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The government needs to help clear up the confusion, as it is itself yet to define what it means by a green job
The Prime Minister’s welcome 10-point plan heralding a “green industrial revolution” identified the priority areas expected to play a major part in our path to net-zero – but how much thought has since been given to those in the engine room responsible for delivering successes and advances in these areas?
A thriving economy is contingent on the government giving industry the demand signals needed, and the development of “green jobs” is no exception. But what is a green job, and how can progress be measured?
This is the question we have been asking ourselves on the Environmental Audit Committee since November last year, when we launched an inquiry looking at the government’s plans for green jobs.
Some have defined a green job as being within areas of the economy producing goods and services for environmental protection purposes, and others as professions needed to secure a sustainable economy, such as health and care workers. Varying definitions are wide in scope – and arguably all jobs will eventually have to become green.
What is a green job, and how can progress be measured?
The government needs to help clear up the confusion, as it is itself yet to define what it means by a green job. This is despite several announcements on green jobs: 2m green jobs by 2030; £3bn to support 140,000 green jobs through the Treasury’s Plan for Jobs; an £80m Green Recovery Challenge Fund for nature recovery jobs.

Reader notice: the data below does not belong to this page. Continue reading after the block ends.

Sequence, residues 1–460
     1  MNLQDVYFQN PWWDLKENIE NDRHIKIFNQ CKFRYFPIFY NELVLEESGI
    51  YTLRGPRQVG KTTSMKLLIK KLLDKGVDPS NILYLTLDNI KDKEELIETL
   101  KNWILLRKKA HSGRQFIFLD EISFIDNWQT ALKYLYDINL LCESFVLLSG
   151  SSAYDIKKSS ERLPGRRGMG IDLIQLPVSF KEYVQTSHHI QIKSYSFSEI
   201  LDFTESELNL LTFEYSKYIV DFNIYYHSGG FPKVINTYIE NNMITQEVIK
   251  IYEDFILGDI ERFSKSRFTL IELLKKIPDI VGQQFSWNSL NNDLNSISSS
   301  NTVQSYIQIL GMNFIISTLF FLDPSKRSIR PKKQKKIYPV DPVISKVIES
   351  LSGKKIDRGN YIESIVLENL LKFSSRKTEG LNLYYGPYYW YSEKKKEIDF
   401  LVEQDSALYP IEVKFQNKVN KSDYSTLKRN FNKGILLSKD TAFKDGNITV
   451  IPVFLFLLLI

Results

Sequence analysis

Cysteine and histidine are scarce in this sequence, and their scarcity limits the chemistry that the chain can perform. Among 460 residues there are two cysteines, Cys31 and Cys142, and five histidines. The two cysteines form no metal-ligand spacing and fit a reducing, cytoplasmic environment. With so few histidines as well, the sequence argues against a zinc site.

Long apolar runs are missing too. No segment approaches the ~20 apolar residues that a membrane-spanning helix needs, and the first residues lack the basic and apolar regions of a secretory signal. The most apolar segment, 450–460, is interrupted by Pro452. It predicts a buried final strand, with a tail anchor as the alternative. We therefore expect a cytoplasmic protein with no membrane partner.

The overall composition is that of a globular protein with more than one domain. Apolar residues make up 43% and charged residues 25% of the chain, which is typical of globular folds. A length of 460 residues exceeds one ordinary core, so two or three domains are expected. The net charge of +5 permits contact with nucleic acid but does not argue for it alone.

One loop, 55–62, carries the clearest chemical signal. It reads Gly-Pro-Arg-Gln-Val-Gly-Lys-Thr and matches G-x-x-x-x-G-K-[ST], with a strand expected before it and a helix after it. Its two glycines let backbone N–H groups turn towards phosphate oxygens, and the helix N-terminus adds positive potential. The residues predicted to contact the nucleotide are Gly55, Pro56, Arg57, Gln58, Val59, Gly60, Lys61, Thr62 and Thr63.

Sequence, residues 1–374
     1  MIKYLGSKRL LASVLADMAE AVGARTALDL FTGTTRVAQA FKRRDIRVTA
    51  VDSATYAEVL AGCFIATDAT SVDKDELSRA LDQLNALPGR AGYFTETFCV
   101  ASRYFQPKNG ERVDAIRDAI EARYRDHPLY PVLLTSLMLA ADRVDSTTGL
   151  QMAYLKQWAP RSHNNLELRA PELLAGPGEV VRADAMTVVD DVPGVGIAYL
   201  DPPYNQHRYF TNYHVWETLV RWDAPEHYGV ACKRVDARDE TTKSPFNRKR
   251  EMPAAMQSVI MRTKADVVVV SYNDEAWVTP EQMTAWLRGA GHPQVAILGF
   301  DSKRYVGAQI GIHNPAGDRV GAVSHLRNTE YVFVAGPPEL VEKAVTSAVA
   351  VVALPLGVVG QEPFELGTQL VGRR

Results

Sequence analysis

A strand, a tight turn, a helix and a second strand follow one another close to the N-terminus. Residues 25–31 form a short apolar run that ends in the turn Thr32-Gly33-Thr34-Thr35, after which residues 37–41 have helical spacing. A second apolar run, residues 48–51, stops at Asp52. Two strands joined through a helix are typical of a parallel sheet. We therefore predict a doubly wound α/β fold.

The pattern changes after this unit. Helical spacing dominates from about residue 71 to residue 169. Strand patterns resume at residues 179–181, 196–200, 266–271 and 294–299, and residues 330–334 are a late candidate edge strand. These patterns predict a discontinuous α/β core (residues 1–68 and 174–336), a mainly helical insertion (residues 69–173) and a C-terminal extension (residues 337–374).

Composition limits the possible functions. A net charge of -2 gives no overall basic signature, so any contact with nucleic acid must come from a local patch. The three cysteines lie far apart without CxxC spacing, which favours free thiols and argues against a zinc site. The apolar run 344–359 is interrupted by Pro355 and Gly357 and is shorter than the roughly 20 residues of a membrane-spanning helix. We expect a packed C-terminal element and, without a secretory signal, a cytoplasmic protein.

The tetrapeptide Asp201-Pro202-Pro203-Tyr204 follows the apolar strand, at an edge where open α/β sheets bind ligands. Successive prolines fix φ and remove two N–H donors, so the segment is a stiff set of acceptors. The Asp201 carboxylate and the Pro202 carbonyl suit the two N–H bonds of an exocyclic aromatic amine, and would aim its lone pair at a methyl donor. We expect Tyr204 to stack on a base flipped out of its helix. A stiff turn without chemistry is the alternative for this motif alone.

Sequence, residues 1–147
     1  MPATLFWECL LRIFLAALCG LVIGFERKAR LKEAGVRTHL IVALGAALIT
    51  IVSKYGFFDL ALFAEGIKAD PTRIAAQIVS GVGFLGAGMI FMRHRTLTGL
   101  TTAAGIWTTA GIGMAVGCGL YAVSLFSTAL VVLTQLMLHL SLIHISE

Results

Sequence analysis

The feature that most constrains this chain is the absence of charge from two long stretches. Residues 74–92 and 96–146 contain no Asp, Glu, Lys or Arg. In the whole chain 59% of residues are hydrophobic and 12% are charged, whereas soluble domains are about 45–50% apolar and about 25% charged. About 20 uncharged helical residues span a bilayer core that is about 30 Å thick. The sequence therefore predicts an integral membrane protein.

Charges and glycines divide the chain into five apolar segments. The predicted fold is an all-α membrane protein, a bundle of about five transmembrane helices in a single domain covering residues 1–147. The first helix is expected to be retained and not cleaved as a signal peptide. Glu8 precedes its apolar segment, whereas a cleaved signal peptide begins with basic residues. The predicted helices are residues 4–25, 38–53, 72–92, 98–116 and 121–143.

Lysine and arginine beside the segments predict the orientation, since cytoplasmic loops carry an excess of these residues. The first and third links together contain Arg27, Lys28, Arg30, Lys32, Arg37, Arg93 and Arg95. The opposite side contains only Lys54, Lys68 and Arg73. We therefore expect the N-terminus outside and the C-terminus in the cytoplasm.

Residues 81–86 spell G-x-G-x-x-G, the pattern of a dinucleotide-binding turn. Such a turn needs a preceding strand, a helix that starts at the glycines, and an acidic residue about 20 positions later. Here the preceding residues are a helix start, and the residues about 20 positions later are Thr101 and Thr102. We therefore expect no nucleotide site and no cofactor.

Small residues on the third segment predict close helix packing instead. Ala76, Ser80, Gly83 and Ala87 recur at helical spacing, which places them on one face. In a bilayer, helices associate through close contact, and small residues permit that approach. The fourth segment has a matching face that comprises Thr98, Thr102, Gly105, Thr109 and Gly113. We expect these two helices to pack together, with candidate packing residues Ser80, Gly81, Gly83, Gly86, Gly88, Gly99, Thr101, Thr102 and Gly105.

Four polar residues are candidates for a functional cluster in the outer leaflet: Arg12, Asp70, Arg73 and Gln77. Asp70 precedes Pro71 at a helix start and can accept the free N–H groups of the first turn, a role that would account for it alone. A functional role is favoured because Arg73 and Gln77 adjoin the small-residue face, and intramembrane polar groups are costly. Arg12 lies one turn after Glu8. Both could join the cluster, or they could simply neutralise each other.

Despite the best of intentions, there is a risk the green job tag might be applied to policy announcements without rigorous analysis of the employment opportunities and informed design of the underlying strategy. It will be important, for example, for green jobs in particular sectors to be announced alongside a thorough assessment of the skills and training likely to be required.
Prior to her move to international trade, former energy minister Anne-Marie Trevelyan told our committee that the government will set out its measurements in terms of green jobs progress in the upcoming net-zero strategy. This cannot come soon enough. As has been a regular refrain over the last 18 months, in successive inquiries, the government must give clarity to industry. To recruit people into green jobs, bosses need to be able to assess the expected demand for the skills required and the cost of training or upskilling.
Giving concrete demand signals to the private sector has led to overwhelming success: look at the contracts for difference scheme supporting the growth of offshore wind. Now we are – quite literally – an offshore wind powerhouse.
An added complexity to the green jobs conundrum is the fundamental challenge for environmental issues of securing co-ordination across government. Indeed, the green jobs issue spans six government departments. Without a single body to co-ordinate delivery, how can the Cabinet Office, let alone parliamentary committees, effectively monitor how the policies are progressing and hold various departments to account?
We will shortly publish our report on green jobs, making clear recommendations as to how to overcome these hurdles. It is vital that we do so if we are to decarbonise our economy and succeed in delivering a workforce fit for net-zero Britain.
This parliamentary term is by far the most important for the environment. We have been promised countless strategies, delayed by the pandemic, but we are now on the eve of chairing COP26, a major climate meeting and the largest international conference ever hosted in the UK, when our environmental credentials will be on display to the world. The scale of admirable ministerial ambitions must be matched by the diligent preparation of practical policy design.
Philip Dunne is the Conservative MP for Ludlow and chair of the Environmental Audit Committee.
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